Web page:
Role of CT and MRI in hepatic transplantation

What is the role of CT and MRI in hepatic transplantation?

CT and MRI play an important role in preoperative evaluation of liver transplant donors, as well as in pre- and postoperative evaluation of recipients of liver transplants.

In potential liver donors, preoperative evaluation can be performed with three-phase dynamic contrast-enhanced CT or MRI (depending on particular institution) to delineate the hepatic arterial, portal venous, hepatic venous, and biliary anatomy (because anatomic variations are common) and to measure hepatic lobar volumes. This imaging evaluation is also performed to identify any incidental lesions in the abdomen of the donors, which may or may not need attention prior to surgery.

In potential liver transplant recipients, preoperative evaluation is helpful to delineate the underlying hepatobiliary and vascular anatomy, to evaluate for preexisting hepatobiliary disease, and to stage underlying hepatic malignancy.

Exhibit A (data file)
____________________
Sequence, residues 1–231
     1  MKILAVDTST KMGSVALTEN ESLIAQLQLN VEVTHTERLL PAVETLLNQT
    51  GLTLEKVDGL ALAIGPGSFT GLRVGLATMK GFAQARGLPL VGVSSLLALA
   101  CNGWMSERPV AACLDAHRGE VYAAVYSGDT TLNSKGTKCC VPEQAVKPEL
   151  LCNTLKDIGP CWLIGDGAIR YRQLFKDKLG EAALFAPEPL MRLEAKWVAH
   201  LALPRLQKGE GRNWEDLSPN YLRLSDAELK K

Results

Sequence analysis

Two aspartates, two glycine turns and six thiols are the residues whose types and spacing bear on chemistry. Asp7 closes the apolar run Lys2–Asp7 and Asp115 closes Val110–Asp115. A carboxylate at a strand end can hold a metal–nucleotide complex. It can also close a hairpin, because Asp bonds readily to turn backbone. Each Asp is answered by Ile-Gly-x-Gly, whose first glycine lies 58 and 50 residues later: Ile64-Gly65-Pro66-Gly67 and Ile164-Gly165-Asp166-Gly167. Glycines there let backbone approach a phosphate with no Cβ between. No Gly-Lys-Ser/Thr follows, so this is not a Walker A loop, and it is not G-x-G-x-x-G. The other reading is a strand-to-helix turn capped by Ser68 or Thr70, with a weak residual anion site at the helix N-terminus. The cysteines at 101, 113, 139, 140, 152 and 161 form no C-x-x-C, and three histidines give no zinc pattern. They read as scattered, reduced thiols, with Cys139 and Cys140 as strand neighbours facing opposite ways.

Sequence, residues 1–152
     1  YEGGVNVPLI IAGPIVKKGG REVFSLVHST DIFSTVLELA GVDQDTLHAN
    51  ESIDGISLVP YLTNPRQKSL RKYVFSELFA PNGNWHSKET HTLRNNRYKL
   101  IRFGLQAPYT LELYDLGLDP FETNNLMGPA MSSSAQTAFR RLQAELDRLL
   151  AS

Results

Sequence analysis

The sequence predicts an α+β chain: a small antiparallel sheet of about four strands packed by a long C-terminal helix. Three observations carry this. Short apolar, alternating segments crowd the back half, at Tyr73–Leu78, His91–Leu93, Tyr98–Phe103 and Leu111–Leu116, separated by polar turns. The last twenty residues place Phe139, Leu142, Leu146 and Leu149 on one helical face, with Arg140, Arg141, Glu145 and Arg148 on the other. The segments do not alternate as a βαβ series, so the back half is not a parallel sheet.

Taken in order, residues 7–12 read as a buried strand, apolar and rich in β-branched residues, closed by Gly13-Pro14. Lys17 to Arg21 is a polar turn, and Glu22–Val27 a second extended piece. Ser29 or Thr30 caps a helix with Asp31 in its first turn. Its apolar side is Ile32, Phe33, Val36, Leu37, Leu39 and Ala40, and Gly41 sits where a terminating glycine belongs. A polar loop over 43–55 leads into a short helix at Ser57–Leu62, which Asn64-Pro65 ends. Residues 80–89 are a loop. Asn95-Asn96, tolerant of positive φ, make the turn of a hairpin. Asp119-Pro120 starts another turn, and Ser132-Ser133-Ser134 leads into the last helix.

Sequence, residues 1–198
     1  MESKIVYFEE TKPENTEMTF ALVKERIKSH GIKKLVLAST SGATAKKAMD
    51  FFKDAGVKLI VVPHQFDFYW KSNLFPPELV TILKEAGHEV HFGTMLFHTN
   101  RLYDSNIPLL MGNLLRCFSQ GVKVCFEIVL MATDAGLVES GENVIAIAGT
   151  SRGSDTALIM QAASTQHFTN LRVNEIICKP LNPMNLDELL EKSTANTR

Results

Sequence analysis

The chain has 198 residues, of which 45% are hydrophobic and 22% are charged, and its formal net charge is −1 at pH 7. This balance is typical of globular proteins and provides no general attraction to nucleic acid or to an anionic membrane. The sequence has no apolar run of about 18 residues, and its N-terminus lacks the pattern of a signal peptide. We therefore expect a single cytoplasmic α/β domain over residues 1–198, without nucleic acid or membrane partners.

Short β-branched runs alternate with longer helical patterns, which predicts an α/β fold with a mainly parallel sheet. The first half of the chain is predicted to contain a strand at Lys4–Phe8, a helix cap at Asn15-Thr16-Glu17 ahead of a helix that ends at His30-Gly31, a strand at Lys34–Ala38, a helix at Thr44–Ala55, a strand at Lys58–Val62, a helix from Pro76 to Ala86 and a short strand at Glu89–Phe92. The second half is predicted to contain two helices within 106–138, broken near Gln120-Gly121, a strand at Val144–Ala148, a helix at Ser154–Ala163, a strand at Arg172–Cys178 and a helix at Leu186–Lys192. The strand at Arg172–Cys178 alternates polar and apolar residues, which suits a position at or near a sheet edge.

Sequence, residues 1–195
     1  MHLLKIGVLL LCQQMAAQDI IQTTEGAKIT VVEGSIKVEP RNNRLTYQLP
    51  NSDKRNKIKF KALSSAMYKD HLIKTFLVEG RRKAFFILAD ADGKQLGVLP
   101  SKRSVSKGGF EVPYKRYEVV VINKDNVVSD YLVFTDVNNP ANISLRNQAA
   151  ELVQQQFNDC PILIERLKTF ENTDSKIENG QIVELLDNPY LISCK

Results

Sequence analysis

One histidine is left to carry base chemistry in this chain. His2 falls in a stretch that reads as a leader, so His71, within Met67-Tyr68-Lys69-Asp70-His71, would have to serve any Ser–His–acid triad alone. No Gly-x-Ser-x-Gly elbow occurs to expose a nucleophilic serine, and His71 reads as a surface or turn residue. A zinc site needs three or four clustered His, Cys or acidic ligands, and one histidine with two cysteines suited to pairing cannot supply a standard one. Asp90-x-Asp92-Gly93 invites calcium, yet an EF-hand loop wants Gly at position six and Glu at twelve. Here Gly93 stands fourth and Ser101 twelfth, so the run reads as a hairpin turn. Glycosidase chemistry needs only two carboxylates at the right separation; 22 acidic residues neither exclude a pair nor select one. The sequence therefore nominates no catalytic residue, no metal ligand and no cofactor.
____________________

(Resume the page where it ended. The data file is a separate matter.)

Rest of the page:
Post-transplant evaluation in liver transplant recipients is primarily focused on vascular or biliary complications. Although ultrasonography (US) is often the initial imaging modality to evaluate these patients, CT and MRI are often used for problem-solving. Commonly encountered vascular complications following liver transplantation include thrombosis or stenosis of arteries or veins and arterial pseudo-aneurysm formation. Commonly encountered biliary complications following liver transplantation include biliary stenosis (most commonly at the anastomosis), bile duct strictures, biliary leak, biloma formation, choledocholithiasis, and bile duct necrosis. Other important complications include abdominal abscess, hematoma, recurrence of preexisting malignancy, recurrence of cirrhosis, transplant rejection, and post-transplant lymphoproliferative disorder (PTLD).

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